EPM: What happens now, as the RFA and other trade associations prepare data and analysis to support your comments to EPA on this whole package of proposals?  

Cooper: The work has already begun. It’s an intense effort, because it isn’t just one year’s RVO. We’re looking at three years, plus the separate denial on SRE proposals. The proposals also include some things that were floated and widely supported back in 2016, but were never acted upon by the Trump administration, such as the Biointermediates Provisions. Another is related to achieving improved transparency and disclosure on SREs. We’re very much supportive of both of those pieces and commenting on both.

EPM: Just a few days after EPA released its proposed RVOs, USDA announced its long-awaited Covid assistance for biofuel producers that were impacted by the pandemic in 2020. In addition to $100 million in funds to support biofuel infrastructure, USDA announced up to $700 million in direct payments available for biofuel producers who faced unexpected market losses due to the pandemic. Is it enough make a real difference?   

Cooper: The ethanol industry lost, or didn’t recognize, about $5 billion in gross revenues due to the pandemic, from both reduced demand and reduced prices. The RFA was very active throughout 2020 advocating for biofuel producers in the various Covid-relief packages that were moving through Congress. Unfortunately, biofuel producers were left out of every one of those until the very end of the  year—the very last package signed into law in the last week of 2020, which included authorization for USDA to provide Covid relieve funding to biofuel producers. It took all of 2021 for USDA to get this program through the paces at the White House, but we finally have it, and we think that relief will be very useful in helping the industry continue to recover from Covid. It doesn’t make the industry whole by any means. $700 million is far less than $5 billion, but it’s definitely a shot in the arm and should help restore some optimism. There are still some questions and concerns about how these funds will roll out from USDA, but overall, we are pleased that they have finally come through with this important relief.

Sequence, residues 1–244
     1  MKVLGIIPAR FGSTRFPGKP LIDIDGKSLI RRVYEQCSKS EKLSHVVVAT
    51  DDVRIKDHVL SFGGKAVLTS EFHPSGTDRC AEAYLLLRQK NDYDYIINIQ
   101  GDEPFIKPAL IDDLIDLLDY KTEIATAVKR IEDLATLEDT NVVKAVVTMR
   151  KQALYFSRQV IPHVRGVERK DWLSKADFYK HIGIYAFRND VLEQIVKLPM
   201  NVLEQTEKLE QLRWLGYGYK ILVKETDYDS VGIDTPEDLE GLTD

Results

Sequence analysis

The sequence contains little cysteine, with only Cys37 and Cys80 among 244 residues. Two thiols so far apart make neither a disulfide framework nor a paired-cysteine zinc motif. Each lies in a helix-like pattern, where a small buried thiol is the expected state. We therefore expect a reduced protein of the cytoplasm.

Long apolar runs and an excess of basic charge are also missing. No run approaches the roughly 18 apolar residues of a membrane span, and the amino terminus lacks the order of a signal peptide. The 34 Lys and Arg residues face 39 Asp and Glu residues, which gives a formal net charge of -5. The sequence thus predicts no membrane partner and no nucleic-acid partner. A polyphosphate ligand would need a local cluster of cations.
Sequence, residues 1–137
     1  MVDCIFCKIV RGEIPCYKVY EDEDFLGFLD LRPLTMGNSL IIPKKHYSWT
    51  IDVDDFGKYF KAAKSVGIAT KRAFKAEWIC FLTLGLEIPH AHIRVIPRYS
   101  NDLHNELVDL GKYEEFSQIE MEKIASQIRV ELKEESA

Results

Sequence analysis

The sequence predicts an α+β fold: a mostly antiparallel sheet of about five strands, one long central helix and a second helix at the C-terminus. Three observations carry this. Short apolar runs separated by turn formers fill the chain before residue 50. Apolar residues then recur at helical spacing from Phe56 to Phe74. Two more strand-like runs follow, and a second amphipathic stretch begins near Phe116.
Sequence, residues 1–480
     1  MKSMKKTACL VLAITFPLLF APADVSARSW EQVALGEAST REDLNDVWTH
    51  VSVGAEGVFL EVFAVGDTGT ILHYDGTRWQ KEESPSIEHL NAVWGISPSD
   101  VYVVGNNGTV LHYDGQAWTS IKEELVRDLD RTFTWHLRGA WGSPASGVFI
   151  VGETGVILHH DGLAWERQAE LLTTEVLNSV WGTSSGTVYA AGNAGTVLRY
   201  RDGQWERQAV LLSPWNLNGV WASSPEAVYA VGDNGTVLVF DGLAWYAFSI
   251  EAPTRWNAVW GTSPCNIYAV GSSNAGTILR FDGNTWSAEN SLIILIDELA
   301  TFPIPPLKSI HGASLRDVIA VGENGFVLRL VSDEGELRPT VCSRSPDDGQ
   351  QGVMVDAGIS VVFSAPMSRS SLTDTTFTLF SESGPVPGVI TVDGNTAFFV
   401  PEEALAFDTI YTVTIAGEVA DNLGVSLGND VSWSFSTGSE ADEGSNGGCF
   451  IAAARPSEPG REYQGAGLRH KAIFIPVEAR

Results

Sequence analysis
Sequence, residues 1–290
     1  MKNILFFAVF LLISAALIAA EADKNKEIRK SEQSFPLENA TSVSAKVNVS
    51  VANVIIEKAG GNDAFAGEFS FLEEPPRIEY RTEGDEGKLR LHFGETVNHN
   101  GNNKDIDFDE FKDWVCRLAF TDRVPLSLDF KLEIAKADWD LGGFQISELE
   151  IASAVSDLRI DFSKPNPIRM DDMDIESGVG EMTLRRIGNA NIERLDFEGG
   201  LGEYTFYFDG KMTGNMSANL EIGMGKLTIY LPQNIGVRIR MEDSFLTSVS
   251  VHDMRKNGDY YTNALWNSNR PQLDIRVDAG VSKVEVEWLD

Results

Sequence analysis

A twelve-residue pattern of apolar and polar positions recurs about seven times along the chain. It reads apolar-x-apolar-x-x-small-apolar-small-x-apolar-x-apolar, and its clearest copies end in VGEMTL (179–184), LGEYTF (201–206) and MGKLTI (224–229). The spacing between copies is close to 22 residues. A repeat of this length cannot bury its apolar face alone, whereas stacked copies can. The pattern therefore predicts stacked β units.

EPM: This industry’s near-term growth strategy, E15, was dealt a serious legal setback in July when the D.C. Circuit Court of Appeals overturned the EPA’s 2019 decision to grant a 1-pound Reid vapor pressure (RVP) waiver to E15. In late 2021, RFA and five other national farm and biofuel organizations asked EPA to enact regulations requiring lower-volatility conventional gasoline blendstock in the summertime. A group of governors came forward, too. Talk about the regulatory approach to fixing our E15 problem. 

Cooper: There are essentially two ways to achieve RVP parity for E10 and E15. One way is to give E15 the same 1-pound RVP waiver that E10 gets, which is what EPA did in 2019—an action that President Trump personally championed. Unfortunately, that is also the action that the D.C. Circuit Court overturned in July. So, for now, that door is closed.

The other way to establish RVP parity for E15 is to eliminate the necessity of the 1-pound waiver for E10. That’s what the governors are asking for guidance on, and that’s what RFA and five other trade groups have asked EPA to get started on—a rule to effectively lower the volatility cap for gasoline blendstock, which makes the waiver unnecessary for not only E10, but E15 as well. Because, after all, E15 is a lower volatility fuel than E10. So that would put the two fuels on equal footing and allow them to be sold year-round throughout the summer, nationwide. That’s the approach we’re focused on right now.

A legislative approach to resolving the RVP barrier is also possible. There have been bills reintroduced in Congress that could fix this issue once and for all. But the odds of getting that type of legislation across the finish line in the near term, without opening the door to mischief on the RFS and other priorities we care about, are low. So, we’re focused first on the regulatory approach to solving this.
EPM: Higher ethanol blends are also important. E85 and mid-level blends could play a big role in our industry’s growth, but according to a new brochure from RFA, only Ford and GM are offering FFVs for sale in model year 2022—and GM’s models are available only to fleet purchasers. In fact, the two manufacturers will offer just 11 FFV models in 2022. That’s down from more than 80 different models from eight manufacturers half a decade ago. How concerned should we be about this?